But we cannot do it in an expression (create a temporary) and are therefore forced to create an automatic object. This forces a copy constructor — if setPixel takes argument by value — rather than a move constructor and we need to explicitly call std::move. We can fix that by providing a constructor with parameter list matching our sub-object list. But in C++11 there is an alternative that does not require of us to define a constructor for a POD whose meaning is obvious enough. We can use the new list-initialization syntax:

setPixel(PixelByName{2, 2, red});
setPixel({2, 2, red});

Note that the type type of our temporary is not required if it can be unambiguously deduced from the function’s argument list.

In most cases, these are the only construction variants that you will need for PODs: default construction, copy, move and “member-wise value construction.” And for that, you do not have to define a single constructor yourself.


Since using PODs goes so smoothly you may start to suspect, or expect, that more operations should be available out of the box. For instance, compiler should have no problem with searching PixelByName in an STL collection, because the meaning of operator== is obvious.

Well, you do not get operator== for free; and it is not entirely obvious how such equality comparison should be defined. You could argue that it should be a member-wise comparison of all members. In fact this is how tuples work:

using PixelByIndex = std::tuple<int, int, Color>;

bool compare(PixelByIndex a, PixelByIndex b)
  bool eq {a == b}; // equal all members
  bool ne {a != b}; // at least one member unequal
  bool lt {a <  b}; // lexicographical-less (all members)

Tuples can afford this default behavior of comparison, much like containers, because their members are deprived of any meaning: they are just elements in a (perhaps heterogeneous) collection. However, when you assign names to members you also give an interpretation of what they represent, and based on what they represent, member-wise comparison may not be the correct behavior. For instance, when you store objects of type PixelByName in std::map, should two pixels at the same position with a different color be treated as same or different? Or in general, some members of an object can be thought of as a “key” and others as a “value”; comparison (i.e., order and identity) should be only checked by “key” members — never by “value” members.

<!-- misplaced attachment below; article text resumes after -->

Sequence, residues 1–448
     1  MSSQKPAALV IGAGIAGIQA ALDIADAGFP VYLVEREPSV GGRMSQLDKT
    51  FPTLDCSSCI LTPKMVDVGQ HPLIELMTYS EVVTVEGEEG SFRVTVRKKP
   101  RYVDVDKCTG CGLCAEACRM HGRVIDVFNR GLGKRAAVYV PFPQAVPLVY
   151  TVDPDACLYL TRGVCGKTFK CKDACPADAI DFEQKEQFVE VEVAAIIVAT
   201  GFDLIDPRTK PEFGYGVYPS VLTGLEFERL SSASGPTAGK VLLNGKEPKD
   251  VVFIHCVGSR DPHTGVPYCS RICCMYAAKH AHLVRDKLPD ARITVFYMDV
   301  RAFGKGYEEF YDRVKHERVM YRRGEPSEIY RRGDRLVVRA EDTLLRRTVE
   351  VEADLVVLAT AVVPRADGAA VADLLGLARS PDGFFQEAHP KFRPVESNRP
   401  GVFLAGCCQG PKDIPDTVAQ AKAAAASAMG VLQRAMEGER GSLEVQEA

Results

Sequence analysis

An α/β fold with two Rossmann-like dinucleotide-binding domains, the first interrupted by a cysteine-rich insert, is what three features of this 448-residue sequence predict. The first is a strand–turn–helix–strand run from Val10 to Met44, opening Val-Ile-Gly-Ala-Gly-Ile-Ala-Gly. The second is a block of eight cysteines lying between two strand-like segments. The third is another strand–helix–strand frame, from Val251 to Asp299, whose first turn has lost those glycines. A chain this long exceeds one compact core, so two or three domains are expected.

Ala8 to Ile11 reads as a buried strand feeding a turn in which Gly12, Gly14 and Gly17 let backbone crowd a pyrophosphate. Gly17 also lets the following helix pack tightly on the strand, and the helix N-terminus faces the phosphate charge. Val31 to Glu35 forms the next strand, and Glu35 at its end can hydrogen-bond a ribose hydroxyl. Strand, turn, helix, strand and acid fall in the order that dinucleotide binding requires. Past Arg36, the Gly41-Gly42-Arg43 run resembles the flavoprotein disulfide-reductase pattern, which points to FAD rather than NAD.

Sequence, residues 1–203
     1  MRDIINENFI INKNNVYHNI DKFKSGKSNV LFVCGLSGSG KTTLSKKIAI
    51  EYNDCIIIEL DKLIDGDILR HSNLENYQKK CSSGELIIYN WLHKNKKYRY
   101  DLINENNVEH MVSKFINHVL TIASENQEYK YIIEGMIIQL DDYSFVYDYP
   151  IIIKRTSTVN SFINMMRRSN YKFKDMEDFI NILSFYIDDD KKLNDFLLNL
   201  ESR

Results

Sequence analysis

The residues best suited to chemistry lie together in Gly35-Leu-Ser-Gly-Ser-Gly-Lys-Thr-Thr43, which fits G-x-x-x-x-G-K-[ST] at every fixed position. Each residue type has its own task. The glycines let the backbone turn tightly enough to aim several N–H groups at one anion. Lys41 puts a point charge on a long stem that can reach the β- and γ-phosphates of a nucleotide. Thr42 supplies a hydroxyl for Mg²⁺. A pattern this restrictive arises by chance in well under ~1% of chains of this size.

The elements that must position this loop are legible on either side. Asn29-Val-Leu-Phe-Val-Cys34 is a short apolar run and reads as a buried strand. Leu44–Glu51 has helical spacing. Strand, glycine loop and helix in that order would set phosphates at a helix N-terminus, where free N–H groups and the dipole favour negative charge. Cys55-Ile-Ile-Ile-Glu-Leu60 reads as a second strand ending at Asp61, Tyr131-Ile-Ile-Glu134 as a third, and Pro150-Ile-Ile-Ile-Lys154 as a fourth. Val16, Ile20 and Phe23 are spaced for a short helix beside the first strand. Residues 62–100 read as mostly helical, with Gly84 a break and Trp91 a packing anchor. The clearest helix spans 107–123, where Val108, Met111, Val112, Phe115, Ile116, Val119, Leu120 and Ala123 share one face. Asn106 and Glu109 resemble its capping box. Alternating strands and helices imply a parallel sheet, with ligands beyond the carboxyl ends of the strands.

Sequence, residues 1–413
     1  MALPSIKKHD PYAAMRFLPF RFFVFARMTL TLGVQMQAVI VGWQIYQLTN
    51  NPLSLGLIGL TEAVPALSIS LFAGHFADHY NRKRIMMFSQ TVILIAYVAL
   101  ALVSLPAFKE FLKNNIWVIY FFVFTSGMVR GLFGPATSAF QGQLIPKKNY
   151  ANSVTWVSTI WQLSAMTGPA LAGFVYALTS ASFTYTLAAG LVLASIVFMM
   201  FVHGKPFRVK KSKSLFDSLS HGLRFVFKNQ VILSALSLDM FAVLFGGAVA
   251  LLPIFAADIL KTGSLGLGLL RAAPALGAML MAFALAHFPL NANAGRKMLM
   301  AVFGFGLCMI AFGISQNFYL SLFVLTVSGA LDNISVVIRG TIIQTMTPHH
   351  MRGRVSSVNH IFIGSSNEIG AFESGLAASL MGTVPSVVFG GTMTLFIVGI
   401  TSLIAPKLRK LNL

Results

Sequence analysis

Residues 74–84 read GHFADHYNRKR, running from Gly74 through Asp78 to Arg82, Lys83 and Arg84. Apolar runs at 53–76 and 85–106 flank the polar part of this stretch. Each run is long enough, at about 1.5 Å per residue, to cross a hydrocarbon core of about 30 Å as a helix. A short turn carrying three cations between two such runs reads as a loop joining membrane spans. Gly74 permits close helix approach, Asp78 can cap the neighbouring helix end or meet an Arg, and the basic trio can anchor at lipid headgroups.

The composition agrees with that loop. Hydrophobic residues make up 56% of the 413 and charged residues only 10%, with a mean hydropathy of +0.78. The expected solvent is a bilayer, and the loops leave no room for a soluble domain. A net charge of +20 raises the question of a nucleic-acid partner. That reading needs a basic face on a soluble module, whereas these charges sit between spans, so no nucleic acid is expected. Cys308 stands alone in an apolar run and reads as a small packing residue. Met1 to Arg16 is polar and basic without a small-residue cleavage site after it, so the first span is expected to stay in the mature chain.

Also observe that if compiler was always generating member-wise comparison we would get an incorrect behavior if we wanted to implement a simple rational number class:

struct Rational
  int num, den;

Rational a{1, 2}, b{2, 4};
assert (a != b); // if auto generated!

You could argue that if any interpretation could be given to our class, it is not a POD, because it no longer only blindly groups sub-objects; and you would probably be correct. But the compiler cannot detect our intentions or our interpretations, and if it were to provide implementations for comparisons it would have to do them for either case, also for those cases where we have some interpretation for our type.

For the above reasons, the plans for the next revision of the C++ Standard, as indicated in N2346, are to provide an option for the programmer to explicitly request of the compiler to generate the comparison operator with the ‘default’ semantics. Such request would probably be spelled something like this:

bool operator==(PixelByName const& a, PixelByName const& b) = default;

Sequential access to POD’s sub-objects

We have seen in the beginning that std::tuple offers a similar functionality as POD. In some ways tuples are superior: you do not have to spend time defining them — the template is instantiated “on the fly” where you need it. They also offer comparison operations and more: sequential (by index) access to their members; thus, we can write code that iterates over members of a tuple (e.g., if we want to automatically implement archiving functions).